Freya Johnston at Literary Review:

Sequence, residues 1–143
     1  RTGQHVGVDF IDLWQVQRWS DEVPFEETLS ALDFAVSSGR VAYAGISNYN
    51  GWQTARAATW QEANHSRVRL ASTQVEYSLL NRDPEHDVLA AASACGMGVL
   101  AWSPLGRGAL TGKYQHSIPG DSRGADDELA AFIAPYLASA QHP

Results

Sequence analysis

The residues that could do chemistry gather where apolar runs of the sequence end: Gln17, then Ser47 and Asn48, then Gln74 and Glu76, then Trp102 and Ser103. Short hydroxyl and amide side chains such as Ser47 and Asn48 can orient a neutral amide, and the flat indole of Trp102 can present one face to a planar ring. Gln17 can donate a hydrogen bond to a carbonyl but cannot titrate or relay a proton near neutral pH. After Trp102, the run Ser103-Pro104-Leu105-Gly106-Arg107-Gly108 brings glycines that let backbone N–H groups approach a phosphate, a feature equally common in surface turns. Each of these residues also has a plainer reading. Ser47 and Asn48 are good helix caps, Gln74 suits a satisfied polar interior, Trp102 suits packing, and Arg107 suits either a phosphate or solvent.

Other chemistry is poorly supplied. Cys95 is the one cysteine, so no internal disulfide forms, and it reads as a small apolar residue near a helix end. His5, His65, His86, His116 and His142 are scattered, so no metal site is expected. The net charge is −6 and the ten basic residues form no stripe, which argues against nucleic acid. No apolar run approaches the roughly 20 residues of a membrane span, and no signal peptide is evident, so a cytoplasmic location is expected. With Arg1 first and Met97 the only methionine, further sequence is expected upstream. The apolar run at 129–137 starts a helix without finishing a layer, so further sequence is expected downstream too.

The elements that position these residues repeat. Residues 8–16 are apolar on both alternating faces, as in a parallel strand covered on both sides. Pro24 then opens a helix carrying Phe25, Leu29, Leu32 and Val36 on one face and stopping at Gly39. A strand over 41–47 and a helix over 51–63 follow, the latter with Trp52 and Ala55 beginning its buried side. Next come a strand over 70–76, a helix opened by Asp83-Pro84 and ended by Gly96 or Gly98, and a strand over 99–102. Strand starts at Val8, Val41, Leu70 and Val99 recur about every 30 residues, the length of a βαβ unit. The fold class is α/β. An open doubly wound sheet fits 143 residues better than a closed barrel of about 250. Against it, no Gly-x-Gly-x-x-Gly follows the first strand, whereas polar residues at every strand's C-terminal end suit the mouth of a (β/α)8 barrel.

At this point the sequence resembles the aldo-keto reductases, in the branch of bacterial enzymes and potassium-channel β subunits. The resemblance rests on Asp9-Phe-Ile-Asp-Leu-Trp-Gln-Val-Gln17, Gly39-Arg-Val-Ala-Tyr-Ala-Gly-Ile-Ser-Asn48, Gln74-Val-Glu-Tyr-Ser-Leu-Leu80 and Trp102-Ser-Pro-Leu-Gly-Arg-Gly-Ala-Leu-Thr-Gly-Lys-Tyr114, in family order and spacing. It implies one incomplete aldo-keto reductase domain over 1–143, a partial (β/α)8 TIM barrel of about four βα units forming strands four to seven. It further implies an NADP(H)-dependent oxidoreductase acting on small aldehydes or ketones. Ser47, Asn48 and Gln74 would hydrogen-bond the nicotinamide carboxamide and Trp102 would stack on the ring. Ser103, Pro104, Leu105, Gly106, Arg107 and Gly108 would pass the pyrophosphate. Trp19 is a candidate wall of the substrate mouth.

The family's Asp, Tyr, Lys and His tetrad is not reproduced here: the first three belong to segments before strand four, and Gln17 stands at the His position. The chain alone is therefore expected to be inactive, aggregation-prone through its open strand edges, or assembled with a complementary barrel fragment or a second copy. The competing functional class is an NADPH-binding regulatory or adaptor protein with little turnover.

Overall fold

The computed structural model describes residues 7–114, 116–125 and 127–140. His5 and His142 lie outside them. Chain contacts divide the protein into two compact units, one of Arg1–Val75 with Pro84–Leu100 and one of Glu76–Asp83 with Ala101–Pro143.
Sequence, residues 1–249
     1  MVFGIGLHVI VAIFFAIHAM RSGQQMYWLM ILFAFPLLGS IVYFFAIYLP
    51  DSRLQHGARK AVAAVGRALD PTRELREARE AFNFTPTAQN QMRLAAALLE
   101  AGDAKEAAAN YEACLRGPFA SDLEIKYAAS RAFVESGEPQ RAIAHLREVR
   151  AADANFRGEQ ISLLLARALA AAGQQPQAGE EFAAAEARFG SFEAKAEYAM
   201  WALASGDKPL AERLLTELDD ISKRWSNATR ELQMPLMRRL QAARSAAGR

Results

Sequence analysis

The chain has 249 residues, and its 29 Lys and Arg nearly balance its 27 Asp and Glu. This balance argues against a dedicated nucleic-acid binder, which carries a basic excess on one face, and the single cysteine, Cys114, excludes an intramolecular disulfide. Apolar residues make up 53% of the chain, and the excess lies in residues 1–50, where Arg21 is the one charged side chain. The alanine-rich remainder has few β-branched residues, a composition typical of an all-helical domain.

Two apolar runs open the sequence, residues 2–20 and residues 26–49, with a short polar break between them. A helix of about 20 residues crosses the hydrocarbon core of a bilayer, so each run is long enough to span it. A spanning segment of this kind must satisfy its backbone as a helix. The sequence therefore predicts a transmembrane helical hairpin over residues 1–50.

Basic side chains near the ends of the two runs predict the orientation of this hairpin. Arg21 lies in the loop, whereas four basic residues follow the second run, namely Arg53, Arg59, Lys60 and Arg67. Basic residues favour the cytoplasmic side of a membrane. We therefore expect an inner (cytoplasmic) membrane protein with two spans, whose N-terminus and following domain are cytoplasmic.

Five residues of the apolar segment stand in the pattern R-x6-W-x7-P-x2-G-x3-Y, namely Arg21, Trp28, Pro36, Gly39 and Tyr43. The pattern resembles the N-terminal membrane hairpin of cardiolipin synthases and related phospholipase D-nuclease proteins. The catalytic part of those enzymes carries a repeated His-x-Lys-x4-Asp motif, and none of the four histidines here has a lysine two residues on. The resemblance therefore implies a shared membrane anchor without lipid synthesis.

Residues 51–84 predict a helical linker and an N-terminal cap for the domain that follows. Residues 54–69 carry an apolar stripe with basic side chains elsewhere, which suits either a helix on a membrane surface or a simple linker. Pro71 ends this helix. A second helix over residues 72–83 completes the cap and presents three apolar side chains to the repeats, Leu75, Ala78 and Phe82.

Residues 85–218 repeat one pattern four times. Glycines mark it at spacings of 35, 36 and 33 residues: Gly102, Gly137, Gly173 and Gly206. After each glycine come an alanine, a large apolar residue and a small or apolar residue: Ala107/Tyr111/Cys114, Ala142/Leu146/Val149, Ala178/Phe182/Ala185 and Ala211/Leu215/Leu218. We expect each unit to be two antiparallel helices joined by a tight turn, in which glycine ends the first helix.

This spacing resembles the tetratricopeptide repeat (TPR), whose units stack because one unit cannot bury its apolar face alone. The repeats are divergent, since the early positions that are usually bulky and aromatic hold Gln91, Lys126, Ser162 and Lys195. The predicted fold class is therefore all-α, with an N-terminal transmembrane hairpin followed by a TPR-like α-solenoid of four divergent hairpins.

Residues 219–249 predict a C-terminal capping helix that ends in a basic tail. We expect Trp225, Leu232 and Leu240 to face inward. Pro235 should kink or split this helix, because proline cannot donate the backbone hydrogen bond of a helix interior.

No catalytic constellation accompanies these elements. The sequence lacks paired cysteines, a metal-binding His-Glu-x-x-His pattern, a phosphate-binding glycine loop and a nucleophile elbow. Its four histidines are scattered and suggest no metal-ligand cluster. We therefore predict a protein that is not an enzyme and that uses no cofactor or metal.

Children do not tend to feature prominently in the satirical works of the ‘Prince of Caricatura’, James Gillray. As someone professionally committed to excoriating the politicians and celebrities of his day, he was paid to train his eye on the grown-ups. One exception to this rule comes in A March to the Bank, a vast, elaborate print of 1787. It was published in the wake of the anti-Catholic Gordon Riots in London and reflects the city’s outrage at the subsequent military crackdown on public disorder. Gillray blends straight portraiture with lurid exaggeration in his etching: an absurdly dandified, impossibly skinny officer goosesteps over a mob of Londoners, who lie crushed and abandoned in various states of disarray. At the centre of the picture, with the officer’s foot daintily poised on her midriff, lies the grotesque, ungainly figure of a fishwife, still grasping a basket of eels, her hefty legs splayed wide open. A fragment of cloth barely covers her genitals. Next to her lies a baby boy, perhaps her son, who is naked from the waist down and spread-eagled on the edge of the pavement. An impassive-looking soldier has placed the tip of his boot squarely on the child’s face.